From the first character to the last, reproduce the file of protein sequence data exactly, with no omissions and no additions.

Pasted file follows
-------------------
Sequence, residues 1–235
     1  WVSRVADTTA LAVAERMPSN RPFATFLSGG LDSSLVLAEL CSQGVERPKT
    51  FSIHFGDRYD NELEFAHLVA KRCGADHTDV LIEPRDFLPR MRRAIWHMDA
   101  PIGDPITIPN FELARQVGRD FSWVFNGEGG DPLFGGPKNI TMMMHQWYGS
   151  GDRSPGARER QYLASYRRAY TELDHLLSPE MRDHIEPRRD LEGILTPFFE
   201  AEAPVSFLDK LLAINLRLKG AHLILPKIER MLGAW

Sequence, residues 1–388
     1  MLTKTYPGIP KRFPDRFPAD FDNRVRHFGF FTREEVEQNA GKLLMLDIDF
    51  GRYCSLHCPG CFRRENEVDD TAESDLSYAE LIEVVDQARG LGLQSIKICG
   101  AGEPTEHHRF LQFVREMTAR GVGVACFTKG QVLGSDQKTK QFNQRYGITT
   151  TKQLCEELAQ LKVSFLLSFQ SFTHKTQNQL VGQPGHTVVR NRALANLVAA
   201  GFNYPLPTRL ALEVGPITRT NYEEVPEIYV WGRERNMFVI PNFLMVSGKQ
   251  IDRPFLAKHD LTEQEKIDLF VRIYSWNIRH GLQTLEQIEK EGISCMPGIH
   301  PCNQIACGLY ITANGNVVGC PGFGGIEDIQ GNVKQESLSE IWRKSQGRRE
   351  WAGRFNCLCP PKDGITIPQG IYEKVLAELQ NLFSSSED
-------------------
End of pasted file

Sequence, residues 1–235
     1  WVSRVADTTA LAVAERMPSN RPFATFLSGG LDSSLVLAEL CSQGVERPKT
    51  FSIHFGDRYD NELEFAHLVA KRCGADHTDV LIEPRDFLPR MRRAIWHMDA
   101  PIGDPITIPN FELARQVGRD FSWVFNGEGG DPLFGGPKNI TMMMHQWYGS
   151  GDRSPGARER QYLASYRRAY TELDHLLSPE MRDHIEPRRD LEGILTPFFE
   201  AEAPVSFLDK LLAINLRLKG AHLILPKIER MLGAW

Sequence, residues 1–388
     1  MLTKTYPGIP KRFPDRFPAD FDNRVRHFGF FTREEVEQNA GKLLMLDIDF
    51  GRYCSLHCPG CFRRENEVDD TAESDLSYAE LIEVVDQARG LGLQSIKICG
   101  AGEPTEHHRF LQFVREMTAR GVGVACFTKG QVLGSDQKTK QFNQRYGITT
   151  TKQLCEELAQ LKVSFLLSFQ SFTHKTQNQL VGQPGHTVVR NRALANLVAA
   201  GFNYPLPTRL ALEVGPITRT NYEEVPEIYV WGRERNMFVI PNFLMVSGKQ
   251  IDRPFLAKHD LTEQEKIDLF VRIYSWNIRH GLQTLEQIEK EGISCMPGIH
   301  PCNQIACGLY ITANGNVVGC PGFGGIEDIQ GNVKQESLSE IWRKSQGRRE
   351  WAGRFNCLCP PKDGITIPQG IYEKVLAELQ NLFSSSED